Couldn't Boomers, more women entering the workforce and growth of computerized technology/automation be a part of this as well? At very least a contributing factor?
@bradgator2 Your articles combined with my daughters interest in panning for gold sent me down a long rabbit hole about ghost towns, precious metals, and valuation. I was looking into all the abandoned mining towns in Colorado and found that while gold is consistently among the highest value metals, it is constantly passed by others. Supply/demand, etc. Tungsten, for a short while in WW1, was more expensive and led to a mine and town just up Boulder Canyon that is now a ghost town. Driven by it many times but did not realize what it was until I saw this article. In fact, many of the “Front Range” towns were founded to support mining towns up in the mountains. The five most expensive metals and where they are mined This article was particularly interesting. Walks through the most expensive metals and gives a brief explanation of why they are so expensive.
I find the "Wild West" silver rush fascinating. More so than the San Francisco gold rush. The 4th coinage Act in 1873 ended the bimetallic standard. Prior to that, you could bring your raw silver to the US Mint and they would mint it into some coins for you for a fee. Can you imagine? But the price of "free" silver dropped which led the Panic of 1873. 1890 was the passage of the Sherman Silver Purchase Act which forced the Treasury to buy 4.5 million troy ounces... per MONTH from the mines. Sherman Silver Purchase Act - Wikipedia What the hell we were we going to do with that many silver dollars? We were making 2 million silver dollars per month for decades. Oh I know... let's melt them!! Only the US government would turn around and melt 350,000,000 silver dollars that were stored in the treasury. Pittman Act - Wikipedia I have a book at home that links all the silver mine owners to all these politicians. Up until 1964, US citizens could redeem paper money for silver dollars. On demand. People started to grab all they could. When low and behold... millions of bags of silver dollars were found hidden away in the treasury vaults. This led to GSA Morgan Dollar release in the mid 1970s. What a bunch of government ass holes to turn around and now sell them at a premium. The freaking government made $107 million in revenue from that release. (I do own some) Numismatic History - The GSA CC Morgan Silver Dollar Coin Hoard Read up on the Comstock Lode: Comstock Lode - Wikipedia The Carson City Mint: Minted: The Storied History of Coin Press No. 1 | Visit Carson City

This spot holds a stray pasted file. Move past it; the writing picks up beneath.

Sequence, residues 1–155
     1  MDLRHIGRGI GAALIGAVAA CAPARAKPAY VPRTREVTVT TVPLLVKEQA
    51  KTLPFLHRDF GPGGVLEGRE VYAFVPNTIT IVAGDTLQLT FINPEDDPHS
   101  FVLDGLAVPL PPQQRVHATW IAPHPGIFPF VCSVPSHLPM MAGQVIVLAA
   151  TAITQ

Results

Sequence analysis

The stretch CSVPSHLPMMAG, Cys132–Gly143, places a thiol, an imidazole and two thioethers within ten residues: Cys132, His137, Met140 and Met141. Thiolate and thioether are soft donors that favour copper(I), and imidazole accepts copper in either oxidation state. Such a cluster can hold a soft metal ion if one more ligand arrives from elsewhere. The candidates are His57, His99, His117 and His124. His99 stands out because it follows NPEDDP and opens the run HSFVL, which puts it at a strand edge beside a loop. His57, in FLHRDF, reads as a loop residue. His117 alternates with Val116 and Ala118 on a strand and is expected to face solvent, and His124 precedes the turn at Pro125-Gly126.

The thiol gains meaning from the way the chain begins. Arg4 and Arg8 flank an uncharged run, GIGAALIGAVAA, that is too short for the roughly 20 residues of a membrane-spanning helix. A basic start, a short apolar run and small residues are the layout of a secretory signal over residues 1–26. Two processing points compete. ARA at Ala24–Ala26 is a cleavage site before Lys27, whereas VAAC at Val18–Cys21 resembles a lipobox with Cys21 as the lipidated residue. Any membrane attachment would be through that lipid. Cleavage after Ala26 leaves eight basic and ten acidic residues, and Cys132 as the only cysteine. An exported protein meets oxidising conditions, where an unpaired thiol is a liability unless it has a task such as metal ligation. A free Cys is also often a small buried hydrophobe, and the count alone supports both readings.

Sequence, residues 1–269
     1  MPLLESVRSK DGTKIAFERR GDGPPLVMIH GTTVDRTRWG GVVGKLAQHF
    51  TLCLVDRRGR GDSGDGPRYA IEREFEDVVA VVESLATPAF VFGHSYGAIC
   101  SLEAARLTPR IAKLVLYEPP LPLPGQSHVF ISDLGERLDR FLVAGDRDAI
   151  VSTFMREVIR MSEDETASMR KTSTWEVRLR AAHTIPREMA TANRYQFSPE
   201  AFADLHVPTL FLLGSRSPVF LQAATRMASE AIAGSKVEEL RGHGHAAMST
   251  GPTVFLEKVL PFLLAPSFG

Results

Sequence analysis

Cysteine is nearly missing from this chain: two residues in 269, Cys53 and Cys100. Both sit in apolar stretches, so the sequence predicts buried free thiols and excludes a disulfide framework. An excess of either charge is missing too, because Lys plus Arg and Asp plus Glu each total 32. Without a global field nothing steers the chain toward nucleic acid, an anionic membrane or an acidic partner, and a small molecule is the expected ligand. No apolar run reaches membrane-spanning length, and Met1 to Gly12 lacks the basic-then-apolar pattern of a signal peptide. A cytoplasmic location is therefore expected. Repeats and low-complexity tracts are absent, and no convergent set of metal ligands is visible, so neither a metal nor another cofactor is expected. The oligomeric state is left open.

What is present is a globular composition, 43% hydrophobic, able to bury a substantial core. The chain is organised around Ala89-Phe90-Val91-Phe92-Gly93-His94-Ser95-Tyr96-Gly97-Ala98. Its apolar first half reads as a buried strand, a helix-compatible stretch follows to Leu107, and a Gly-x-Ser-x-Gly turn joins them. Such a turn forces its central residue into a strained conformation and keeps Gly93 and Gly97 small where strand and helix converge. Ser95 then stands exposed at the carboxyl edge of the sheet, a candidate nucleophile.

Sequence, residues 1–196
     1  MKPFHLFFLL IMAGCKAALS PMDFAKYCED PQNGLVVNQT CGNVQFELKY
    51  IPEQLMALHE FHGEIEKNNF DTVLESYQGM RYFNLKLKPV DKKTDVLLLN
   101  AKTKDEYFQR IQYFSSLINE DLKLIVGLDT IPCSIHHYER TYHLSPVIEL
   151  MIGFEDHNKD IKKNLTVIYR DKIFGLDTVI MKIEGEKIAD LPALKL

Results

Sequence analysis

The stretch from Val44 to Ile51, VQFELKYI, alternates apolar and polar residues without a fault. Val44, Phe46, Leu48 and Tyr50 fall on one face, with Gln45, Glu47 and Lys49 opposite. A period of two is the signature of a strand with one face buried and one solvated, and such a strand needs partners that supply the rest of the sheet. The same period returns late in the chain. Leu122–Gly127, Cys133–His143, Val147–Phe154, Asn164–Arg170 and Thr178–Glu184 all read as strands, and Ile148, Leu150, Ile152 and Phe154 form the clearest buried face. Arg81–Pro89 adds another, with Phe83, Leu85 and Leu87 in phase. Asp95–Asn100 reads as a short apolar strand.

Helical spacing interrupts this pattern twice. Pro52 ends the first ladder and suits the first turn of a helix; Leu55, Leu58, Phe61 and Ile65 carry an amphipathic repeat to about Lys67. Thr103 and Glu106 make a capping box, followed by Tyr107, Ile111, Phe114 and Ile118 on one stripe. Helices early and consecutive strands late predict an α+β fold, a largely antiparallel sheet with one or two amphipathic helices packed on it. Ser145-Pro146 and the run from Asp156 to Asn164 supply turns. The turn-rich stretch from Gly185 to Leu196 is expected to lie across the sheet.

Now... how all this relates to the fascinating original post by Taco.... I have no idea What I do know is our government wastes more money than we can even wrap our heads around. Take the penny of today. It costs 2.06 cents to make each penny. Taxpayers lose 85 million dollars a year due to making pennies. Freaking genius.
We make it up on volume with Quarters... they are a profit center because they cost less than $0.25 to make!
What is the world’s least valuable coin? What’s the Worlds Least Valuable Coin?